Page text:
I spy a problem with the expressed hope. If we have to wait for his god to do summat about it, methinks the chap is fated to remain a bigoted clod.

  11. remigius says:

    Mind, having said that, there is talk of putting Boudicca (the very first “Queen Victoria” of at least some of the Britons) on one of our banknotes.

    Yeah! Fuckin’ Romans.

    Fuck off back to Romania. And take your fucking aquaduct with you!

  12. Daz says:

    I’ve never seen a fucking aqueduct. Presumably cos they’re shy, and wander off into the bushes to do it.

  13. Daz says:

    Erm, I’m not sure what an aqueduct is, either.

    We needs edit functions!

  14. remigius says:

    I’ve never seen a fucking aqueduct. Presumably cos they’re shy, and wander off into the bushes to do it.

    Daz, you’re thinking of aquatic ducks.

    They can fuck of as well!

  15. remigius says:

    They can fuck off as well.

    Barry. Cunt wee git a nedit ting. Police.

  16. Jon says:

    “An atheist believes that….”? Believes? Who wrote this? Surely the word “thinks” would be far more appropriate here?

    An atheist thinks that a hospital should be built instead of a church.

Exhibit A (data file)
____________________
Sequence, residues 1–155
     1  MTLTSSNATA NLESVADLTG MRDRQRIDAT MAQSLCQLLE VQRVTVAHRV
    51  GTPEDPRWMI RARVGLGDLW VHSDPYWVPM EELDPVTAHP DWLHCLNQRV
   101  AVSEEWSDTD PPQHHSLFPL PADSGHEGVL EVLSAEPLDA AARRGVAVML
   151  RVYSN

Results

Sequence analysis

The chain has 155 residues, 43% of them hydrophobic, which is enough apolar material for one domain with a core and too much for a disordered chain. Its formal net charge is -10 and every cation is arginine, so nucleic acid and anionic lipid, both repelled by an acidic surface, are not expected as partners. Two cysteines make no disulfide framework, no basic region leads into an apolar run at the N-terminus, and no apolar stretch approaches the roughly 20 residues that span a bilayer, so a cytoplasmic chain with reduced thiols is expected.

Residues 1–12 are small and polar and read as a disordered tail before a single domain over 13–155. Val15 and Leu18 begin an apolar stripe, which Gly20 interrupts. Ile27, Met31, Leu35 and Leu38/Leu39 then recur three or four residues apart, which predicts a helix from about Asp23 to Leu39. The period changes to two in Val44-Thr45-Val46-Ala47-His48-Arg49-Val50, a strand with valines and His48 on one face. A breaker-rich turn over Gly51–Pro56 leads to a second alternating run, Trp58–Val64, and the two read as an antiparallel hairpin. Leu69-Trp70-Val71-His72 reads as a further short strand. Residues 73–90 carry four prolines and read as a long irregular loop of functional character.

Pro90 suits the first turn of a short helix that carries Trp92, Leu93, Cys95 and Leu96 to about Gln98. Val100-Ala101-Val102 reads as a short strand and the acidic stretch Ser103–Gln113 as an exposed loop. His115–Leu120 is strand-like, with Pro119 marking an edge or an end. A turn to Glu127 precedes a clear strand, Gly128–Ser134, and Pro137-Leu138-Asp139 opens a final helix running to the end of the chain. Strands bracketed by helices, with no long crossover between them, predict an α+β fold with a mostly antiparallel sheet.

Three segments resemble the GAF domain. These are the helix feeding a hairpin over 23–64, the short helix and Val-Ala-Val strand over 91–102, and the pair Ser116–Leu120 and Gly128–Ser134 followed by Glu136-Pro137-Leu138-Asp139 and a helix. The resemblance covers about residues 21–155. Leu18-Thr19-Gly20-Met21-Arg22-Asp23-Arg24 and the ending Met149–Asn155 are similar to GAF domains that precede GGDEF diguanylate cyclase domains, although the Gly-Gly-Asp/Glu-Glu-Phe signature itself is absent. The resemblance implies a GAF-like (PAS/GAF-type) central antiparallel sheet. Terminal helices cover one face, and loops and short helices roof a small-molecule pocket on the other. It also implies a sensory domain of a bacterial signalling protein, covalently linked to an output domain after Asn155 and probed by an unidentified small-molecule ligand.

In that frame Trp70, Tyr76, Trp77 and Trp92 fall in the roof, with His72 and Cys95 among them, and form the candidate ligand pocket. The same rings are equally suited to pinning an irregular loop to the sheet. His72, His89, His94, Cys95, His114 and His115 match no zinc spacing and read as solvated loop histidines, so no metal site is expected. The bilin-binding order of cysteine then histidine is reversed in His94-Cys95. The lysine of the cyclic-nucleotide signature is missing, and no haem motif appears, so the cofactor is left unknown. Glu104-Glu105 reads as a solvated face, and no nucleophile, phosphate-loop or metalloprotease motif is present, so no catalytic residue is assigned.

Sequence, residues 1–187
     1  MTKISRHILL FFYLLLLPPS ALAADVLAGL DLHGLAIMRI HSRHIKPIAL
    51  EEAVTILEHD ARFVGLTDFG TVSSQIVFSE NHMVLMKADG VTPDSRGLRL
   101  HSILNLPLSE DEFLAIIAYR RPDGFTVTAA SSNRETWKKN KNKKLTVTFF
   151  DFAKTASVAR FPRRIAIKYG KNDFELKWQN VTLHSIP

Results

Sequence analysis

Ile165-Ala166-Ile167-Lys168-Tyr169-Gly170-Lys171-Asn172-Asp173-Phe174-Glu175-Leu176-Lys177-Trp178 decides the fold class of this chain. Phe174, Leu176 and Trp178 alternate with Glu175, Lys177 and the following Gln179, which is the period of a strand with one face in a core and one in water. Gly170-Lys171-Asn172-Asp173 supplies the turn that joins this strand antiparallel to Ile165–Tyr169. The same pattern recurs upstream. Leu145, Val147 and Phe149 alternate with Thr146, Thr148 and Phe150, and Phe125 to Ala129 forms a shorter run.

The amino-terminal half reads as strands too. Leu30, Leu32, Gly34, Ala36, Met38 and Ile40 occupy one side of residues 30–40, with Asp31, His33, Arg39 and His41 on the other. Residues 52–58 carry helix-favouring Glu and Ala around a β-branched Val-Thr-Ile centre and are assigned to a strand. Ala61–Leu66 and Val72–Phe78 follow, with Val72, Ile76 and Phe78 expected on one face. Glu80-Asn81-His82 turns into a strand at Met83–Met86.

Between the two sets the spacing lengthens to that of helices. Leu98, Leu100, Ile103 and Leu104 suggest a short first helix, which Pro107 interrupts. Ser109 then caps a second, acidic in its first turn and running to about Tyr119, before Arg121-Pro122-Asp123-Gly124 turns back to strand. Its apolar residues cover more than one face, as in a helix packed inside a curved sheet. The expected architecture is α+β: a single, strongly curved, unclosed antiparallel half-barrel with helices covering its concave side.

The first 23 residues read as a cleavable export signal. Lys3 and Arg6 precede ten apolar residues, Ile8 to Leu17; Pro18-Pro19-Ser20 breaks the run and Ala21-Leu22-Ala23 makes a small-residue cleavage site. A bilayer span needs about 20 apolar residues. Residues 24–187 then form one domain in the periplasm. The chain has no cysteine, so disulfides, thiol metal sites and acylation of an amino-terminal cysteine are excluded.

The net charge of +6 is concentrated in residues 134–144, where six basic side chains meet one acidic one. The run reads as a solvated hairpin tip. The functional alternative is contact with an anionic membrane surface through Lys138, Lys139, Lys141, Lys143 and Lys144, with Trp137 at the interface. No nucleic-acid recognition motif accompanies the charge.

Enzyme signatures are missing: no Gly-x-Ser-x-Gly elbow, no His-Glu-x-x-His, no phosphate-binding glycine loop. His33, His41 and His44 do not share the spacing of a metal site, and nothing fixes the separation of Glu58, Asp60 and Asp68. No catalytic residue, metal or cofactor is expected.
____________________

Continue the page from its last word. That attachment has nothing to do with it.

An atheist thinks that a deed must be done instead of a prayer said.

    No wonder we get accused that atheism is just another religion, that atheism is just another belief system and therefore no better and probably worse than theism.

  17. Daz says:

    Eider known that if I’d stopped to think…

    I’ll get me coat.

  18. Marven says:

    funny how atheists attack Christians, and its OK. And how muslims are left alone. Yet the muslim faith demands they treat all NON-BORN muslims as non-citizens, and equal to pigs, to be lied to, cheated, enslaved, or killed without impunity.

  19. 1859 says:

    I’m no duck! I’m just swanning off to lunch…

  20. Matt+Westwood says:

    Wot’s wong wiv you lot? You on quack or sommat?

  21. Alan says:

    @Matt+Westwood
    The Picts were probably invaders from north-west Europe who displaced the Celtic population.
    The Gaels were a subset of the Celts.
    The Angles and Saxons were invaders who displaced the Celtic population.
    And to be really confusing the people we call Celts, the people who first occupied Hibernia and Albion after the last age, weren’t Celts at all, they were originally from Portugal.

    And the Scots invaded northern Albion from Hibernia
    And the Irish are mainly Viking

    So who are the original natives?

    And it was similar in North America. There were at least two colonisations via the Bering Straits, and quite a few ‘native’ North American tribes had displaced a previous ‘native’ tribe.